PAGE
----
At a Glance
What is it?
A Cirque du Soleil style production featuring aerial and aquatic stunts, dance, and a darkly compelling storyline about a woman and her dreams.
Where is it?
In a gorgeous theater in the round at Wynn Las Vegas on the North Strip.
Is it worth the cost?
Absolutely. It has grown into being one of the best shows in town.
Why should I see this show?
Because you love Cirque du Soleil but want something with a little more edge.
What else do I need to know?
Some of the imagery could be disturbing to some.
What’s the bottom line?
A visually dramatic and highly entertaining night at the theater.
In Las Vegas, things that last a long time usually evolve over time. Sometimes that evolution is subtle and sometimes dramatic, but those things that grow and change and refuse to remain static are often the ones that can keep people entertained over the long haul. Le Rêve at Wynn Las Vegas is a great example of how can a show can evolve from derivative to unique, from challenged to challenging, and from good to absolutely fantastic.
When this water-themed show debuted at Wynn Las Vegas in 2005, the Cirque du Soleil style theatrics and acts seemed like carbon copies of O at Bellagio but it was accompanied by dark imagery that was at times disturbing. A clearer and less threatening storyline, enhanced special effects, new acts, and an integration of ballroom dancing have set it apart as its own creation and it is a stunning one at that.
Created originally by Franco Dragone, the man who created Cirque du Soleil’s O, Le Rêve has many of the same thematic elements, most notably the giant water tank that people dive into, swim through, and do dramatic aerial stunts above. As with “O” the conceit can be a bit limiting but part of the show’s evolution has been to emphasize more of the aerial stunts and dramatic Latin dance numbers, making it a richer experience.
The story, such as it is, involves a woman who is torn over whether or not she should allow herself to fall in love and then dreams of an aquatic world of angels and demons, hopes and fears, comedy and drama. It’s a romantic quest – a stumble through the kinds of insecurities we all feel when exploring the boundaries of a relationship. I could’ve done without the unnecessary “love is hard” type lyrics that have been added to some of the previously instrumental-only songs, but it’s still a relatable concept.
From there, though, it goes into Cirque du Soleil territory with lots of gasp-inducing diving, swimming, and stunts mixed with dramatic set pieces, many of which are darker in tone than anything Cirque does (at least here in Vegas). One particularly affecting segment looks like an aerial ballet of angels falling to earth (or water, as the case may be), only to have some scooped up by a grim-reaper-esque figure collecting the dead and the rest reeled back up into the heavens, screaming as they go. Whether or not that’s the intended meaning behind that part the show, or whether that’s how you’ll interpret it, is almost irrelevant. The very fact that these elements exist to challenge the willing members of the audience who want something more than people diving into a pool is noteworthy.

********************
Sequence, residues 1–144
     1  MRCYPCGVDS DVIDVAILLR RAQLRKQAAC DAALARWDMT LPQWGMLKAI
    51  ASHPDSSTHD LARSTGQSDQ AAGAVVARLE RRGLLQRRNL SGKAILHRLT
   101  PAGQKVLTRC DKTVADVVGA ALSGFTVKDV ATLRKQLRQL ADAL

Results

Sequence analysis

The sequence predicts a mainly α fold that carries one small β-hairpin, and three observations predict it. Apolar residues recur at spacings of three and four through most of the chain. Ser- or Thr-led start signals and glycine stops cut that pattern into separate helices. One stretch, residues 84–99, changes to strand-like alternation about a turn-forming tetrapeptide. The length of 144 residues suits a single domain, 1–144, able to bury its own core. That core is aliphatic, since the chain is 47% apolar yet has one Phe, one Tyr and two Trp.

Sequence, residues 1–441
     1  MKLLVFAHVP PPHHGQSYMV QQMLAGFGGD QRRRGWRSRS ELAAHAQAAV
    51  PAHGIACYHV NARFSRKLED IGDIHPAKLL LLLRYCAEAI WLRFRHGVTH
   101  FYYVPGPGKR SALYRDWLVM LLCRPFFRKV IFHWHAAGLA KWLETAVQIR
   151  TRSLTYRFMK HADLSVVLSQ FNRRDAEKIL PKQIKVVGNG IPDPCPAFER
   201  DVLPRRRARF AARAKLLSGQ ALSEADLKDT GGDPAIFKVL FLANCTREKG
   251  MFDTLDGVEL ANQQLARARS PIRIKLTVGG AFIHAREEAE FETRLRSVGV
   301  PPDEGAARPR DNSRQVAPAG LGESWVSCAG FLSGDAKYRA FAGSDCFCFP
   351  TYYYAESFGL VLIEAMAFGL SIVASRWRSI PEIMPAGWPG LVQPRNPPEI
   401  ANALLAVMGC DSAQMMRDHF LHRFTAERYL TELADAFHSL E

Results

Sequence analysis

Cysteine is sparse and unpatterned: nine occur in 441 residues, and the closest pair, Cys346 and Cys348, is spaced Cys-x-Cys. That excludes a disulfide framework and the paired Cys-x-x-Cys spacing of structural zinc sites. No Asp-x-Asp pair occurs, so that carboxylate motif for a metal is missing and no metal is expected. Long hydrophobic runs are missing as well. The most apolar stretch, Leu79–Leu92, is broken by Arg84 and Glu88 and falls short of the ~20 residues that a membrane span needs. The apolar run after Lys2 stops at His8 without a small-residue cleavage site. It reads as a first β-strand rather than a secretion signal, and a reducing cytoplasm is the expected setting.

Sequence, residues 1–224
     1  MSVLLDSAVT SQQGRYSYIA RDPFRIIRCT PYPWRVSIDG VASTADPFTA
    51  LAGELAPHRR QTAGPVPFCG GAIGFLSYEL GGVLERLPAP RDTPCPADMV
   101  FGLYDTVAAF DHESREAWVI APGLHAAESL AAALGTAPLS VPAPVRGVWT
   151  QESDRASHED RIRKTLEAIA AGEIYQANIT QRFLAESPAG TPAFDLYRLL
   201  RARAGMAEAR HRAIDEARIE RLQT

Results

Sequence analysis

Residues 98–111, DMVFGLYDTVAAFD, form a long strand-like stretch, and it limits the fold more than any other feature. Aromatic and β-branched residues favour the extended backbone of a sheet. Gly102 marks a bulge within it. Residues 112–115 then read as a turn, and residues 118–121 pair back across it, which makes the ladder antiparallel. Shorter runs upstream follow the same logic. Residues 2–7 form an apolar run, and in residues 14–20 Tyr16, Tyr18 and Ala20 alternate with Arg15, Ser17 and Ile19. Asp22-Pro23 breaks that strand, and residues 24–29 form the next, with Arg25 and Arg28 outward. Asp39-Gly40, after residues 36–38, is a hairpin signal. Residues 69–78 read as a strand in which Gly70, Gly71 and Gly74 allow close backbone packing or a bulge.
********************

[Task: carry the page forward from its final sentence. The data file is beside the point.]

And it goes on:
But for those who do want the mindlessness, Le Rêve can still deliver on that. It is certainly darker than similar shows but it now contains enough humor and all of the eye-popping visual stunts and set pieces that people have come to expect from this particular genre.
The addition over the last couple of years of some new numbers keeps it fresh. A version of a fan dance uses soaring, billowing fabrics and a lovely snowfall accompanies acrobats performing in a birdcage, a rope, and a lamp post suspended above the pool. The ballroom style dance is also enlivening. Mostly Latin inspired from “Dancing with the Stars” dancer Maksim Chmerkovskiy, the choreography and the dancers are championship caliber even before you consider the fact that often they are doing it all on narrow, wet walkways and sometimes actually up to their ankles in water. How they manage to accomplish that without sacrificing the aesthetics of their choreography (or breaking their ankles) is nothing short of amazing.
In late 2014 they installed a new production piece that was estimated to have cost around $3 million featuring walls of water that feature projections and lighting on and in them along with. Its sort of like a smaller, more colorful version of the Bellagio Fountains. It’s impressive from a visual standpoint but I kind of miss the human element that infuses the rest of the show. It felt a little “tacked on” to me, but it doesn’t harm the overall impression of the show.
If you are intrigued by the way they do the show there are many opportunities for a deeper dive (see what I did there?). A fascinating Backstage Tour gives a full access pass to the behind the scenes goings-on that make a huge show like this tick; special packages include upgraded seats with monitors that show you the underwater action; and there’s even a package where certified diver’s can get in the pool and see how it’s all done from that angle.
It’s almost not a real comparison anymore since, other than the water aspect, they are completely different shows but if you were to force me to choose between them I would pick Le Rêve over O. Its heart-stopping acrobatics and diving mixed with the emotionally resonant storyline and visuals make it a more complete theatrical package and an experience that you will remember long after you leave the theater.